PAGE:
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Re: Container.iterator_to for getting an iterator form the reference to value

From: Jason McKesson <jmckesson_at_[hidden]>
Date: Thu, 13 Aug 2020 17:00:57 -0400
On Thu, Aug 13, 2020 at 11:56 AM Barry Revzin via Std-Proposals
<std-proposals_at_[hidden]> wrote:
> On Thu, Aug 13, 2020 at 9:58 AM Arthur O'Dwyer via Std-Proposals <std-proposals_at_[hidden]> wrote:
>> To implement `iterator_to` for anything except `vector`, you have to rely on a cast like this:
>> struct Node {
>> T t;
>> Node *next;
>> };
>> Node *node_from_t(T *t) {
>> return reinterpret_cast<Node *>(t);
>> }
>> int main() {
>> Node n;
>> assert(node_from_t(&n.t) == &n);
>> }
>> I'm not sure if this is well-defined. As long as `t` is the first member of `Node`, I think it might actually be well-defined; but I wouldn't bet money on it.
>> Problem is, library implementors tend to be extremely loath to rely on anything smelling of UB in their implementations.
>> my $.02,
>> –Arthur
> This is well-defined. A pointer to the first non-static data member of a struct is pointer-convertible with a pointer to the struct.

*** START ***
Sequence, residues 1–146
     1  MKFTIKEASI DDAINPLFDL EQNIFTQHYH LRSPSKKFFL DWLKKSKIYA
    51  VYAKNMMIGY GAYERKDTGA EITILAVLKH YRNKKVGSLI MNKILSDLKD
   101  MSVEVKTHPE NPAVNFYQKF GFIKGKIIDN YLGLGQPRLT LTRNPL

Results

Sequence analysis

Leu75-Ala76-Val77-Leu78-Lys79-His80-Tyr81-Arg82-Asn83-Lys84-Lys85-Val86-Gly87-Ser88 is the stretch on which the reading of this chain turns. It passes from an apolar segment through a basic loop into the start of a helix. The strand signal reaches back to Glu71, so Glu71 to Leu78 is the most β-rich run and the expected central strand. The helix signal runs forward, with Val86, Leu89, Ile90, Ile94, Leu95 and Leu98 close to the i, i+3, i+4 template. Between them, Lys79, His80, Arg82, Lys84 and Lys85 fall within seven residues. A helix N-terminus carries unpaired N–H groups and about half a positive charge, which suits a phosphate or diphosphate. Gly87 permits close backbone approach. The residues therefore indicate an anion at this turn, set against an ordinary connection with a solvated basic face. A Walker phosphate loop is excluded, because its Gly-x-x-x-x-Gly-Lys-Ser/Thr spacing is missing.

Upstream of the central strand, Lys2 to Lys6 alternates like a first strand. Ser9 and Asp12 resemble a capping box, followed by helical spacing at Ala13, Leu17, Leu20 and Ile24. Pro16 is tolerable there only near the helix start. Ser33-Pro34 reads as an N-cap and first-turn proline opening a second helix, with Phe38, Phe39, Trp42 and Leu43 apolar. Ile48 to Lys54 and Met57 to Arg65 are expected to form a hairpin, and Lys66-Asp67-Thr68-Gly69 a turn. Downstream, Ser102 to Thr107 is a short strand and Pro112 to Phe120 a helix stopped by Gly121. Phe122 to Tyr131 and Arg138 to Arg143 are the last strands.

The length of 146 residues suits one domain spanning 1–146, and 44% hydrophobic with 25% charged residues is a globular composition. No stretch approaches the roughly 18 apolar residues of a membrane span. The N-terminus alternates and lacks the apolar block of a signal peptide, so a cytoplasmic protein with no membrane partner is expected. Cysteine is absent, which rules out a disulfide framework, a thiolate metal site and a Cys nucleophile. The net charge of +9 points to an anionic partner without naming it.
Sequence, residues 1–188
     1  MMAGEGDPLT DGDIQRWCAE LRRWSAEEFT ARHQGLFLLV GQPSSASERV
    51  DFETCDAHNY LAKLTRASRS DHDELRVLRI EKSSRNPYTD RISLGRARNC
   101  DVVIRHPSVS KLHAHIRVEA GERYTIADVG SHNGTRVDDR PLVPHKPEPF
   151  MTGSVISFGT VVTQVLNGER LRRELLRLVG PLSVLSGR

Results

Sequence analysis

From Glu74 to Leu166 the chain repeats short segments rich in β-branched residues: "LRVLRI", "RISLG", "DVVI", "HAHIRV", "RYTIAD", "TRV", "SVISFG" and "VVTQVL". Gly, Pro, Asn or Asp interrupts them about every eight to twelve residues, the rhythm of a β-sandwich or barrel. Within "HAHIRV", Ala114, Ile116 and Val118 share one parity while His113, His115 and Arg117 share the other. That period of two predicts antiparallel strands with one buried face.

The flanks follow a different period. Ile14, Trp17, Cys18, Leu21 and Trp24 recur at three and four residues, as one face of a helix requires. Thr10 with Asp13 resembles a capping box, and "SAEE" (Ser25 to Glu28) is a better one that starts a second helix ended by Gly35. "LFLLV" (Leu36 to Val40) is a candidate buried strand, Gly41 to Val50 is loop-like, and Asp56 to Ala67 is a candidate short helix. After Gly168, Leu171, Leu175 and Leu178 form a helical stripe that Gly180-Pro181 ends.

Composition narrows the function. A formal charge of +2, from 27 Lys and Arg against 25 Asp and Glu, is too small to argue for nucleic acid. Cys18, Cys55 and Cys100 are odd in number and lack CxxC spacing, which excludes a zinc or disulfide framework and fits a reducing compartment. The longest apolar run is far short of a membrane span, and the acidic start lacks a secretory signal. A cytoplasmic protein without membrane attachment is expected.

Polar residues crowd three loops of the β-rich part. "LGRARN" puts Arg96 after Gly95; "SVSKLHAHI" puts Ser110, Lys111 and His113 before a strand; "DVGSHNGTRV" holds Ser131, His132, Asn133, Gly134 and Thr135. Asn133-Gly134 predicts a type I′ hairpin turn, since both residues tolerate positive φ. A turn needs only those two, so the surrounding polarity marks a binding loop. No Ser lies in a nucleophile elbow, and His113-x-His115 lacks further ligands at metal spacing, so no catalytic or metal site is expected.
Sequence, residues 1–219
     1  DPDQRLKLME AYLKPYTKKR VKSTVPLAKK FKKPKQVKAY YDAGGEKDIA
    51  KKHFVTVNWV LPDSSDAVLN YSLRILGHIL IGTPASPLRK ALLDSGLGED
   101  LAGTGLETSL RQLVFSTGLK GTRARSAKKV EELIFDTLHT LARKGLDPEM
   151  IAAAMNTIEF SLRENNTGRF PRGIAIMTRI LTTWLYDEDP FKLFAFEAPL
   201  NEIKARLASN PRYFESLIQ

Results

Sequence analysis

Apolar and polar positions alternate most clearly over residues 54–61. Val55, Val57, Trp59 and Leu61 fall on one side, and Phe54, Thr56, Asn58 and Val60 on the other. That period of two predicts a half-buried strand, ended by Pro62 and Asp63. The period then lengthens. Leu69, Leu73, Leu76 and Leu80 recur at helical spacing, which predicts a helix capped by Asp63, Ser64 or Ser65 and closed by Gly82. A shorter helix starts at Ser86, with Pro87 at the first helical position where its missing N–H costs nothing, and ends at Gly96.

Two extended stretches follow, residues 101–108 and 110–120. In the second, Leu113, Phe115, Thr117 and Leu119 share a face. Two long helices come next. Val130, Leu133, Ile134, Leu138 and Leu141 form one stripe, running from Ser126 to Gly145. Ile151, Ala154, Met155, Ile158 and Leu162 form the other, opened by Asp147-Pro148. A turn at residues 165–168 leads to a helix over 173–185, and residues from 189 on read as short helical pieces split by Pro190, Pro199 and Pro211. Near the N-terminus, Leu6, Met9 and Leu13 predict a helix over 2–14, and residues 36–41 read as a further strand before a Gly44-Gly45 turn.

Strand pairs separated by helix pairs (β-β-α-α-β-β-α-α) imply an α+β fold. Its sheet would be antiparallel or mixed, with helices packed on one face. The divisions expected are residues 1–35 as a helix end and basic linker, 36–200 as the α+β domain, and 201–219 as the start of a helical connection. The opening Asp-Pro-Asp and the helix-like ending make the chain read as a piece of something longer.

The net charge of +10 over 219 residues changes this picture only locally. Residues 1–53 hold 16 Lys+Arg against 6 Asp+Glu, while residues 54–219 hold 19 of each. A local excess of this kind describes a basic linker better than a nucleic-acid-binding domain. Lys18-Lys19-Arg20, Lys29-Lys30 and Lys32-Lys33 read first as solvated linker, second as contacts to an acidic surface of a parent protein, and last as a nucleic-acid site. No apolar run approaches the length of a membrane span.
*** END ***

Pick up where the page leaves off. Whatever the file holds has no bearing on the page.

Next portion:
True. But is the `T` the first NSDM in the struct? For a linked-list
style node, the pointer(s) might come before `T`. And as LL pointed
out, is the iterator type standard layout? Might that not depend on
`T` itself being standard layout?

And as Arthur pointed out, `deque` just can't do it (in O(1)). And
`deque` is not the only kind of container where this conversion isn't
really possible. A segmented stack (kind of like `vector` but
non-contiguous. You have a linked list of contiguous blocks of
ever-increasing numbers of `T`s, which gives you optimal push/pop
performance) can't go from a reference to a `T` to an iterator into
the stack.

If this is a thing that needs to happen, I'd say that it has to be
allowed on a case-by-case basis, just like many other container
functions like `push_back` and such.

Received on 2020-08-13 16:04:32